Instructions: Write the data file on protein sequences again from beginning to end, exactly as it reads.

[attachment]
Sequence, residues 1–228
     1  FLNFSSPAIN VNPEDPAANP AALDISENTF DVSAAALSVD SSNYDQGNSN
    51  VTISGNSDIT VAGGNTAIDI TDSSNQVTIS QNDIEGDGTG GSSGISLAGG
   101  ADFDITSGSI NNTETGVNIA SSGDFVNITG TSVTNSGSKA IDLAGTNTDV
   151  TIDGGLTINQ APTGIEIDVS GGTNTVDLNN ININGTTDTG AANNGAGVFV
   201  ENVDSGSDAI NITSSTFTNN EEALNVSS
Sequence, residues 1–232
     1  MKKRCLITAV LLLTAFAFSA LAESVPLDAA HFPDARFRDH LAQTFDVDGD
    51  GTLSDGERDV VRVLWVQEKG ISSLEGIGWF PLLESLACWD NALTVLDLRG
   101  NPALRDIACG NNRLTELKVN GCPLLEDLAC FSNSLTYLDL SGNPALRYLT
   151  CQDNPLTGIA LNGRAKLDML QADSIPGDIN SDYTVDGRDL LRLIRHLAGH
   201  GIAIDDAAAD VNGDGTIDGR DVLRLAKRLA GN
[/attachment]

Sequence, residues 1–228
     1  FLNFSSPAIN VNPEDPAANP AALDISENTF DVSAAALSVD SSNYDQGNSN
    51  VTISGNSDIT VAGGNTAIDI TDSSNQVTIS QNDIEGDGTG GSSGISLAGG
   101  ADFDITSGSI NNTETGVNIA SSGDFVNITG TSVTNSGSKA IDLAGTNTDV
   151  TIDGGLTINQ APTGIEIDVS GGTNTVDLNN ININGTTDTG AANNGAGVFV
   201  ENVDSGSDAI NITSSTFTNN EEALNVSS
Sequence, residues 1–232
     1  MKKRCLITAV LLLTAFAFSA LAESVPLDAA HFPDARFRDH LAQTFDVDGD
    51  GTLSDGERDV VRVLWVQEKG ISSLEGIGWF PLLESLACWD NALTVLDLRG
   101  NPALRDIACG NNRLTELKVN GCPLLEDLAC FSNSLTYLDL SGNPALRYLT
   151  CQDNPLTGIA LNGRAKLDML QADSIPGDIN SDYTVDGRDL LRLIRHLAGH
   201  GIAIDDAAAD VNGDGTIDGR DVLRLAKRLA GN